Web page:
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Their Migration to America


Our particular branch of the Lehman family, as far as I can tell, were neither impoverished nor did they partake in the call for enlistment.  Our family had property, wealth, and was in good standing with the monarchy.  It is known that even some of our early family members were employed by the court.  Many others were magistrates and held other positions of importance within their own communities.  It is further known that our branch of the Lehmann family owned an Inn or Gesthaus as it was called.  Being somewhat of an influential family during the mid 1700’s and holding court affiliation, they petitioned the monarchy for permission to leave the country for the Americas.  When permission was granted in 1750 it took them nearly a year to settle with family and friends, dispose of their property and make provisions for passage. Passage at that time, took more than a month providing weather cooperated and traveling with four small children as our Hans Jacob and his wife did, certainly must have been trying.


Petitioned to come to America 10 Dec 1750, in Blankenloch, Germany.  Document located in Karlsrue, Germany.  I have a copy of the original document written in German - see translation below.

* Translation of letter Johann Jacob Lehmann etal sent to the Margrave of Prussia via a prince regent


His Serene Highness and Sir, Karl Friedrich, Earl of Saustenberg,

Landearl of Sponheim and Eberstein,

Sir to Roetelen Baden and Weyler, Lahr and Malburg.


Merciful Highness and Sir

   Ad Manus Clementissimus                                                     Karlsruhe

                                                                                                            27 April 1751

The princely subsensives to Blankenloch and Groetzingen who are willing to depart for Pennsylvania ask their Highness by rightful reasons to reduce their set taxes if not the entire vote by at least half of it.  Your Serene Highness, please adhere to the request of your obedient submissives who have the permission to immigrate and depart for Pennsylvania and must pay for each of their property 100 florin (guilders) plus deductive monies, and the duty money which adds up to 25 R..  This does not leave us poor citizens enough money to cover expenses for such a long journey.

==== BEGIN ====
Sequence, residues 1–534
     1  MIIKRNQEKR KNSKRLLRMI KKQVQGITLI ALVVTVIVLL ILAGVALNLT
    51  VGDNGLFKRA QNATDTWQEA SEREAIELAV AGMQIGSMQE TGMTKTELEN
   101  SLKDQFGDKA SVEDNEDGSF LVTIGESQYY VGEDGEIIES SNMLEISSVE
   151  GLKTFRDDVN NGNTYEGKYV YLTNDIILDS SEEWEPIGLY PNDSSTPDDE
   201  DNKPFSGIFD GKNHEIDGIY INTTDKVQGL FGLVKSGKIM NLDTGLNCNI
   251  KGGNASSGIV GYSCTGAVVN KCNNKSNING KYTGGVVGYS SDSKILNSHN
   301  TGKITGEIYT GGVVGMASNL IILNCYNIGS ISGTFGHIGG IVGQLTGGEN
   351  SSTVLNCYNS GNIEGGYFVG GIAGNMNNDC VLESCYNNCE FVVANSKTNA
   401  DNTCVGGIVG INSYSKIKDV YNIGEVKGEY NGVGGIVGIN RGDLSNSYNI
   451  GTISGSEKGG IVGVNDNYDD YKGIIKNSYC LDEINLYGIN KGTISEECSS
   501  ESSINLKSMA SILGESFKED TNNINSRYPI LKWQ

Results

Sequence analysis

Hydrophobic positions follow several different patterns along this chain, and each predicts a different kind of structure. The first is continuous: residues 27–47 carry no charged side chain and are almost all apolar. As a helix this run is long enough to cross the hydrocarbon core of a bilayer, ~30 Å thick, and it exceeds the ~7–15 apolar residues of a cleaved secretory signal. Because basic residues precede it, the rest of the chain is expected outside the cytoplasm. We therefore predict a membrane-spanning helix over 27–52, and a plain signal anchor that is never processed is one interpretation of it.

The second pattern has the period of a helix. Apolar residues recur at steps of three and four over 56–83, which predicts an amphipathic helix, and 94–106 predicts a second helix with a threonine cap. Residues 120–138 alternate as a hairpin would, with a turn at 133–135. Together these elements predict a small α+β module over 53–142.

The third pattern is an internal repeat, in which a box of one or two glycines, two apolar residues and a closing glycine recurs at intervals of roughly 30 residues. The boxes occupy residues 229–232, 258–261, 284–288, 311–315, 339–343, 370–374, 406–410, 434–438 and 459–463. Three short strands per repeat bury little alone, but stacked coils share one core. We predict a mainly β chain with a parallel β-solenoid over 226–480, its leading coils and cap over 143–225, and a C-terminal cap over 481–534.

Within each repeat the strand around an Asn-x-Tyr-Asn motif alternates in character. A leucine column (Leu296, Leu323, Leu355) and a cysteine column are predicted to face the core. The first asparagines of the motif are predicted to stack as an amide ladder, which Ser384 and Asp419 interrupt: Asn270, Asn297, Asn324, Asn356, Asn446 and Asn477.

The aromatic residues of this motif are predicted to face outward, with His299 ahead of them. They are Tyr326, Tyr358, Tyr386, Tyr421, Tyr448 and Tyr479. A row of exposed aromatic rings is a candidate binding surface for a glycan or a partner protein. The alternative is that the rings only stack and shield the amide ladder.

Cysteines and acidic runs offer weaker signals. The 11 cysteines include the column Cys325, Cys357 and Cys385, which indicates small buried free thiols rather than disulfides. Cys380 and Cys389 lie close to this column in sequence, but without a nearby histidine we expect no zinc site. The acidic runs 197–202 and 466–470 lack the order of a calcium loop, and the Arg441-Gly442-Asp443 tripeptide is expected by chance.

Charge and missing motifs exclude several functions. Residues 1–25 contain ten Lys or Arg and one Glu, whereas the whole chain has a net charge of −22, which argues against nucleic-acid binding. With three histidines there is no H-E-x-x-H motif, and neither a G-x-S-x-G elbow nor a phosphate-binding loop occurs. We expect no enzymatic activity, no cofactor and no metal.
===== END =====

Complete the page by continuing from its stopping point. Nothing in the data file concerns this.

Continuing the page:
We therefore beg your Serene Highness for mercy and mildness, also in the name of our poor children, so that we will not have to pay the full amount but reduce it to half.  We ask our Lord that He will let you be the rich manager with a lifelong government and lifetime health.

In deepest devotion and respect

Your obedient submissive owners of the Blankenloch and Groezingen area

Anton Hauer

Bernhard Hauer

Jakob Lehmann

Sebastian Nagel

Michael Raupp

                              From Blankenloch

Daniel Zoller

Jakob Crey

David Massgung

                              From Groezingen

                        Advoc. Ringmacher



The above is a facsimile of the Port of Rotterdam



This above photo was taken from the book: “Colonial Civilization of North America 1607-1763”,

by Louis B. Wright, pg. 193


Above document taken from the book: 

"Album of American History Vol. I, Colonial Period" - 

Pennsylvania, page: 393

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